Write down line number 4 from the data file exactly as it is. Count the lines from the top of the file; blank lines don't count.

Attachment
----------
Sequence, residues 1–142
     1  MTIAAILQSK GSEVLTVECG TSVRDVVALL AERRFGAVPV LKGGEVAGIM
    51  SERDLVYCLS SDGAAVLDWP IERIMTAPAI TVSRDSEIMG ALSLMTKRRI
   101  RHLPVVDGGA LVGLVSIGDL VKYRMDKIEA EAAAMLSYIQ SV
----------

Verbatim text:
   101  RHLPVVDGGA LVGLVSIGDL VKYRMDKIEA EAAAMLSYIQ SV